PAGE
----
We live our lives crippled by various forms of minor eating disorders, and these disorders affect our lives to a much greater degree than our bodies. At my senior prom, I pulled on a bright red, tight, off-the-shoulder dress, cut my hair into a short bob, pasted on some dark makeup, and strutted out of the house and into a limo. My mother was horrified, not so much by my outfit, but by the fact that I was nearing 90 kilos at 18, and hadn’t noticed. I thought I was as hot as the skinny tall chick next to me. When she kindly told me to maybe control my eating, I began sneaking into the kitchen at 3am and eating peanut butter out of the jar with a spoon that could barely fit through its opening.

That was the “fattest” I have been, including my pregnancy. Yet, then, and forever, I became aware of the fact that I’d never be what I’m supposed to be. My 20s were a nightmare, for while wearing strappy, lycra tank tops from Zara, without a bra, I was constantly convinced that my stomach was too chubby. My obsession was validated by an owner of a bar who refused to hire me because I wasn’t skinny enough, even though I had hot legs, he said. And back then, we didn’t talk about our body issues as we learn to do into our 30s and 40s. It’s terrifying to live with the glitches of self-loathing that moments like this imprint on our minds.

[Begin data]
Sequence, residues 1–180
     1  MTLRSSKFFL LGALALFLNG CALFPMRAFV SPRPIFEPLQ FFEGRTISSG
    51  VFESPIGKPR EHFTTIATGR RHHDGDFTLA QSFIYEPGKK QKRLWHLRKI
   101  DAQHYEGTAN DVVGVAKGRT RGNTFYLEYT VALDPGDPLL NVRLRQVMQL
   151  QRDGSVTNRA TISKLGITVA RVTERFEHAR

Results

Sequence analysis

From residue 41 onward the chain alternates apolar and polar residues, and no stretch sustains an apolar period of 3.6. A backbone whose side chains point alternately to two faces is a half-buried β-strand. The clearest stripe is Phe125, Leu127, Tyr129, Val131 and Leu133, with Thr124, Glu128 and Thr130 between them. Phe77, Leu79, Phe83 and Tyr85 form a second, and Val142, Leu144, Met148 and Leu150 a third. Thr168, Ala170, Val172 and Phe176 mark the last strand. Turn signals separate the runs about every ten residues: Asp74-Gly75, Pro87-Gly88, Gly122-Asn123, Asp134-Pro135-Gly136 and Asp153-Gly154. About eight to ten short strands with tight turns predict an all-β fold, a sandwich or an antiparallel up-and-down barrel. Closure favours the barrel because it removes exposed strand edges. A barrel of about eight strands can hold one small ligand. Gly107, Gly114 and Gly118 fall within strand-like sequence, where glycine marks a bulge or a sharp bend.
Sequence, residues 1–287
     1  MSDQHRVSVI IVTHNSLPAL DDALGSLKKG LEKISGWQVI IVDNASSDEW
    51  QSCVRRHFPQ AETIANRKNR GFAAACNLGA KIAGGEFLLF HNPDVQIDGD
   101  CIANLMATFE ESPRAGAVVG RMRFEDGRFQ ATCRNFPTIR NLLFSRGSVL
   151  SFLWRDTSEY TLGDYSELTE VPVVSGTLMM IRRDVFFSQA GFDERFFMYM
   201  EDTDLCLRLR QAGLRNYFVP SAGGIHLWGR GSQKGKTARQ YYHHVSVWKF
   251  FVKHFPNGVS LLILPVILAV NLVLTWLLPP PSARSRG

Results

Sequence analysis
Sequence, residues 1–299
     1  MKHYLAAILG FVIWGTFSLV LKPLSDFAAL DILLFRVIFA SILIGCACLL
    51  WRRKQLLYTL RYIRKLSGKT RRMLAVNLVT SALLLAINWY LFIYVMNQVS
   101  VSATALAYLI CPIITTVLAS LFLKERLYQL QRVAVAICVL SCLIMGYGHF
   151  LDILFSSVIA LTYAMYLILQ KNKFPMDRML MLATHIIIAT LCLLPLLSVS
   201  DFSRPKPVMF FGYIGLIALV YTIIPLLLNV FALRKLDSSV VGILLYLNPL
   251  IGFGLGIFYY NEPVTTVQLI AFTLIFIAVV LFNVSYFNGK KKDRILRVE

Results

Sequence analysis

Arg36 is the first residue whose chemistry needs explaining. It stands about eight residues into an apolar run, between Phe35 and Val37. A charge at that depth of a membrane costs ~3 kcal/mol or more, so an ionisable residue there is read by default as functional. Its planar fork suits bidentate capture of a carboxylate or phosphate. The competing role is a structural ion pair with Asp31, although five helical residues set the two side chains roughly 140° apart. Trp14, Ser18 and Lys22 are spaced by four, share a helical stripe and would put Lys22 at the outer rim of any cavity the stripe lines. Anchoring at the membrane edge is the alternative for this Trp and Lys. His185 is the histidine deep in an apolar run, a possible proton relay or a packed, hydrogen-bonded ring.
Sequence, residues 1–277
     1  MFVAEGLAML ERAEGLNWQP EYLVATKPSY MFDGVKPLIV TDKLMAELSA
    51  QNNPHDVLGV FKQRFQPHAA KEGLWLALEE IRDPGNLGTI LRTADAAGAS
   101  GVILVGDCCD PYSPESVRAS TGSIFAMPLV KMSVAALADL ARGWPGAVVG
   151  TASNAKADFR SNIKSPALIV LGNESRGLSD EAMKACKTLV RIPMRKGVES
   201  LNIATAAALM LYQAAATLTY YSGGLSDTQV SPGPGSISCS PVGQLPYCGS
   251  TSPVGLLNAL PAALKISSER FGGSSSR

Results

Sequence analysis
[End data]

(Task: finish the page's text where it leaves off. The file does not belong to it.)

About a decade later, obsessed with spinning to the point that I’d walk on the treadmill for an hour to warm up for two consecutive classes, my stomach still was not flat enough, because I ate too much pasta, my skinny friends suggested. I do love pasta. I will eat it straight out of the pot, with ketchup, with complex sauces, with canned sauces, in lasagne, what have you. And despite the non-flat stomach, I refuse to give it up. But whenever a low hits, I will eat such amounts of it, that even if I was a lean ballerina, I’d feel like the Michelin Man.

“I ate one half of a lemon,” I overhear a girl telling her friend.

“I had chocolate for breakfast and have to go to the gym for five days straight,” a friend tells me.

“I woke up in the middle of the night and raided the junk cupboard,” another self-loather says.

“I lost 20 kilos in two months,” a proud voice boasts, knowing that she will put it back on and plus some, in the next six months.

What is this? Why do we eat half a lemon? Why do we eat chocolate for breakfast? Why do we pig out in the middle of the night? And why do I refuse to give up carbs?